I really appreciated that he kept the narrative focused on Abraham. Some of the accounts that take place in that section of scripture, such as the account of the destruction of Sodom and Gomorrah, Abraham didn’t witness directly. The narrative here reflects that; we get to see Abraham praying about the cities, and then he sees the destruction the next day.

Knepprath also anchors Abraham’s faith in what he knew about God. Abraham knew the promises. He was able to trust those promises of a Savior to come.

An aspect I enjoyed was how Kenpprath made Sarah, Abraham’s wife, come alive. So often she’s a back-up player, almost shrewish in many depictions I’ve seen. This author took scripture’s exhortations to be like Sarah to heart, though, showing her to be a caring wife who, like her husband, struggled with sin.

And here is where the book shines. Not only does it show Law and Gospel clearly, but it avoids turning Abraham into an action hero of faith. So often the Old Testament people are raised up as gleaming examples, but here we see Abraham as both sinner and saint. In fact, the book opens with a passage that makes it very, very clear: “When writing about Abraham, the temptation is to make him out to have been more than he actually was. This would, in turn, make Abraham’s God to be less than he actually is” (v).

Because the book fights to make sure it doesn’t add to Scripture through imagination, it’s a pretty short book – I polished it off in about half an hour. That said, I think it’s well worth your time, and well worth getting into the hands of someone who’s curious about who this Abraham guy was. Go ahead and check it out!

Not Mourning, But Love, Breaks the Heart

“I’ll pray for your dad.”

“Your dad’s in my prayers – and you, too.”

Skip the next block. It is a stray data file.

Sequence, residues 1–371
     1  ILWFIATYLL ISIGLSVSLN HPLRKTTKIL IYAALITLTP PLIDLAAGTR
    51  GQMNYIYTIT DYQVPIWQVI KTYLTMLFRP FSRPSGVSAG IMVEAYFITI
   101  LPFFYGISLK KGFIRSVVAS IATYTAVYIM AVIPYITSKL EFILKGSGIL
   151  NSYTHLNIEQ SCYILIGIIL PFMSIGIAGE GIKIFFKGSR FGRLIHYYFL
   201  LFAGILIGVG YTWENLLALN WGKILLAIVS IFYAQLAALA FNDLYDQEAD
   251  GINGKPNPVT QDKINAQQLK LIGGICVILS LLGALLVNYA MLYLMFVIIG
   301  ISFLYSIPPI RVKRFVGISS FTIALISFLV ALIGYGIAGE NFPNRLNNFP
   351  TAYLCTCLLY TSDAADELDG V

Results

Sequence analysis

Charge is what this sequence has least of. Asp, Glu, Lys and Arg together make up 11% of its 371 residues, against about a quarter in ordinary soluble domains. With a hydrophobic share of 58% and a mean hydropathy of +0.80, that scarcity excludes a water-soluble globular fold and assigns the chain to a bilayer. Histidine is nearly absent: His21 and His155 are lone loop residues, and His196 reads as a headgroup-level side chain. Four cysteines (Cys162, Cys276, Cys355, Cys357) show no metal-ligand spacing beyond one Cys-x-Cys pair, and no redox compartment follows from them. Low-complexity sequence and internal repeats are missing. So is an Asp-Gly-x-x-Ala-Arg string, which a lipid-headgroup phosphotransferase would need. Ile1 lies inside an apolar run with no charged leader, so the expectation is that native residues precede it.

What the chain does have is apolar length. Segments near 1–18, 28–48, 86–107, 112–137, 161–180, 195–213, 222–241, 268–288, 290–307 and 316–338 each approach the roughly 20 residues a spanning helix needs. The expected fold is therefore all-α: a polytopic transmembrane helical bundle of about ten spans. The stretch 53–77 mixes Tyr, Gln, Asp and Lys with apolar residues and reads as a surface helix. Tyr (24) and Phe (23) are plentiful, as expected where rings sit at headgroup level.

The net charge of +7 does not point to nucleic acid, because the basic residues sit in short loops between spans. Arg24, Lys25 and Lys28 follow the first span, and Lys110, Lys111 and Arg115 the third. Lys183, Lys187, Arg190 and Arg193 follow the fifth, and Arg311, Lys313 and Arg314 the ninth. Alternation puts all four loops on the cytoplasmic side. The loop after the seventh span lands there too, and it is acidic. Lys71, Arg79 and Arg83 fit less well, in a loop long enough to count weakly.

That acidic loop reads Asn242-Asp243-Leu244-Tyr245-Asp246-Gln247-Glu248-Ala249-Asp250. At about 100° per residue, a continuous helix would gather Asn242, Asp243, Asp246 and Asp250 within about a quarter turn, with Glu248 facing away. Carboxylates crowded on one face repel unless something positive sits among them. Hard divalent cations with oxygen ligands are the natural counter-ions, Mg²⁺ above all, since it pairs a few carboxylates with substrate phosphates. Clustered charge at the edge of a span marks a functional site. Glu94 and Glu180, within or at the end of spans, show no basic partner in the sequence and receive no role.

“I’ll pray God blesses your trip.”

Person after person, hand shake after hug after concerned smile, they came.

I announced after church today that I wouldn’t be sticking around for Bible study – probably the first time a pastor has said something like that here. “My father suffered an unexplained paralysis. He’s getting better, but the doctors still don’t know what happened. There’s other complications. So that we get the chance to see him today, I’ll be leaving as soon as we finish shaking hands.”

I paused, looking over the congregation. “But if Dad dies… I know I’ll see him in undying lands under a sky that’s always bright. I can’t say that about the people in our neighborhood. Instead of Bible study, since I can’t be here to lead it, one of our members will lead discussion on reaching out through our neighborhood cookout next month. We want to share Jesus.”

And on the way out, so many of our members and not a few of the regular visitors expressed prayers and blessings on my family. Some of them have met my father; many haven’t ever laid eyes on him. But someone their pastor cared for was hurting; that was enough for them.

And I felt so small. (more…)